Different Types of POV

brown-eye  Lately, I’ve noticed some writers having problems writing POV. POV stands for point of view. It can seem challenging, but it’s actually easy. Once you get the hang of it, it can even help you sink deeper into your character’s skin.

There are three types of POV. First person, second person, and third person.

First person: I love cats.

Second person: You love cats.

Third person: He loves cats.

Easy, right? Most fiction is written in either first person or third person. First person is pretty easy, since we all use it every day. It is definitely useful for getting immediately into a character.

Third person is either omniscient or limited. Third person omniscient is sort of like god mode. This POV sees the characters in the scene like a camera. Sometimes you might dip inside a character’s head, but the POV isn’t confined to one character in a scene and is often above or outside of the characters. This POV was very popular in the 1970’s. In contrast, third person limited is limited to one character per scene. It feels similar to first person, but uses he or she. it allows a deep connection to the POV character by going inside his head. Most modern third person fiction is written in this POV.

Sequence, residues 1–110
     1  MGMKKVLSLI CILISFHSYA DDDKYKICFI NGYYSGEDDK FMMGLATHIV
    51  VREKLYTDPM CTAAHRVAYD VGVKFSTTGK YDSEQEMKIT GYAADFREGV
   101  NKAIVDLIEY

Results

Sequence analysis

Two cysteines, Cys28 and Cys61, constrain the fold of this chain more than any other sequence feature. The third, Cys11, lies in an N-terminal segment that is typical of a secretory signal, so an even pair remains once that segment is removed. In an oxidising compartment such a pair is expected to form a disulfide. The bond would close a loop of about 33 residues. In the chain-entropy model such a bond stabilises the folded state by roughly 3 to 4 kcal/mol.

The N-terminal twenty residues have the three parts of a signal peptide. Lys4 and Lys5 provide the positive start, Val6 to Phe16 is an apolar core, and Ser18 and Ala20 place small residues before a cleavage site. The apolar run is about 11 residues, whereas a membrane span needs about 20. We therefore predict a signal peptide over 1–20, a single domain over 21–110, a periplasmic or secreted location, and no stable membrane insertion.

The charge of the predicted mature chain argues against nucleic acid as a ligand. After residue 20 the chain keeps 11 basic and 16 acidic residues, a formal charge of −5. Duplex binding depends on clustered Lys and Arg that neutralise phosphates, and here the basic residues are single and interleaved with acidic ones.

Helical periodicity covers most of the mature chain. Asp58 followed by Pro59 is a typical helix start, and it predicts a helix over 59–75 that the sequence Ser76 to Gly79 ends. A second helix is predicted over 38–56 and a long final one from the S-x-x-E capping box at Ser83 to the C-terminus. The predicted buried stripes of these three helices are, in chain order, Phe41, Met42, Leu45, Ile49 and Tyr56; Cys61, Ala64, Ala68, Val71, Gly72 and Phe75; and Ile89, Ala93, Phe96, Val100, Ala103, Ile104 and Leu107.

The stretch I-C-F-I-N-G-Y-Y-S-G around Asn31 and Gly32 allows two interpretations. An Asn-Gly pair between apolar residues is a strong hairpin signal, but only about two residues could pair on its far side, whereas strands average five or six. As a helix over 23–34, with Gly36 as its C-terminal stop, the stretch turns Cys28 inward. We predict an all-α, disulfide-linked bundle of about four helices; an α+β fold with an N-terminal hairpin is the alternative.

Head-hopping is when POV shifts rapidly from one character to another in the same scene. This is bad. Don’t head hop. It confuses readers and breaks up scenes. Here’s an example:

 She sat in the café and wondered when Ben would show up. She sighed. Maybe he wouldn’t like the little red slip dress she wore. Maybe he would think she was desperate. Tim thought she looked great. He was so attracted to Rosemary. Every time she ordered a mocha, he always turned the ‘o’ into a cat face. He wondered if she ever noticed his shy way of flirting.